We take a look at the rich history of Bugatti, and its many legendary cars.
With all the hype and speculation surrounding the upcoming Chiron, and the public’s devotion to the Veyron, it’s easy to forget where these legends come from.
The Bugatti Veyron is easily the last decade’s most iconic feat of engineering, and it has set the benchmark for top speed performance with utmost luxury. Everything about it denotes extravagance, from the W16 Quad turbo engine to the supple and carefully detailed interior.
The EB110 was an equally masterful piece of engineering, featuring a 3.5 liter V12 sporting quad turbochargers, it was produced from 1991 to 1995. During its short life span it quickly became a legend in Le Mans history
But let’s take a look at the history of Bugatti.
The Type 13 is considered to be the first proper car by Bugatti, its production beginning with the company’s founding in 1910 and lasting all the way up to 1920. Only 435 Type 35’s were ever manufactured. The road going version almost always had an 8 valve engine, although five Type 13 race cars had 16 valve heads.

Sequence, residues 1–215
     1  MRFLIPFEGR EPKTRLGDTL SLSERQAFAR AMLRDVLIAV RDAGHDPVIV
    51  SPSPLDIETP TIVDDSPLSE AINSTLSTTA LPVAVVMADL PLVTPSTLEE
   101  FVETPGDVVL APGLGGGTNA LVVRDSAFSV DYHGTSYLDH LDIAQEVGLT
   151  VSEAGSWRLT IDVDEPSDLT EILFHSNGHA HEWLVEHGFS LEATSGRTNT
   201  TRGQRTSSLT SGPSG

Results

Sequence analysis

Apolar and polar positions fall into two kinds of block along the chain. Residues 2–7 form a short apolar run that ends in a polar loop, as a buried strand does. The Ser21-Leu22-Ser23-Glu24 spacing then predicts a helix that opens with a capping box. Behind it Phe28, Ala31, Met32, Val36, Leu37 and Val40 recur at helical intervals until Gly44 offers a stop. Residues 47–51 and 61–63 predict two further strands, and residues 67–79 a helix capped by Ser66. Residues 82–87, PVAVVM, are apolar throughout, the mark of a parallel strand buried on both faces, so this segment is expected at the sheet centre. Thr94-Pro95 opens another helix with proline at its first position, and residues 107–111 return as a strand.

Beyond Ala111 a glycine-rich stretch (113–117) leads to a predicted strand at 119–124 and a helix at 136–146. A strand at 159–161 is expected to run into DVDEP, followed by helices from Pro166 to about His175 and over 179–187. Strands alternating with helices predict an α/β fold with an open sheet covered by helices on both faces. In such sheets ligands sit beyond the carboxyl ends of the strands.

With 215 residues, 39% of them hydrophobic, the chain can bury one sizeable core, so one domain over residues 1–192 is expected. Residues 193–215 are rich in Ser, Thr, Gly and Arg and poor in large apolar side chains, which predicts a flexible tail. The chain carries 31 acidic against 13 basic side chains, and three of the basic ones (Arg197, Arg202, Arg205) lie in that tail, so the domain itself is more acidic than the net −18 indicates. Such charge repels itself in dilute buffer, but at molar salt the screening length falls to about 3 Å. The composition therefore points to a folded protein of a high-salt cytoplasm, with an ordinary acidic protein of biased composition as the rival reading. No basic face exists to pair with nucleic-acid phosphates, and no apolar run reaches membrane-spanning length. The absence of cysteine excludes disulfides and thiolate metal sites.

The Type 35 is perhaps the most recognizable Bugatti of that era, with a 2 liter inline eight cylinder engine, revving all the way into the 6000 Rpm mark, which for the time was an astronomically high redline, and producing a whopping 90 horsepower in a 750 kg car, which meant it not only had the power advantage, it also handled extremely well.
From 1934 to 1940 the Type 57 was produced, and to this day it remains a testament of the rich history of Bugatti. Designed by Jean Bugatti, it spawned several variants over the course of its production, such as the Atlantic and Atalante. 710 examples were produced.
The Bugatti name will always accompany beautiful engineering marvels, and with all the hype around it, we hope the soon to arrive Chiron to be true to the spirit of the name.
Below you can see an old documentary about the history of Bugatti and the community around its vintage cars.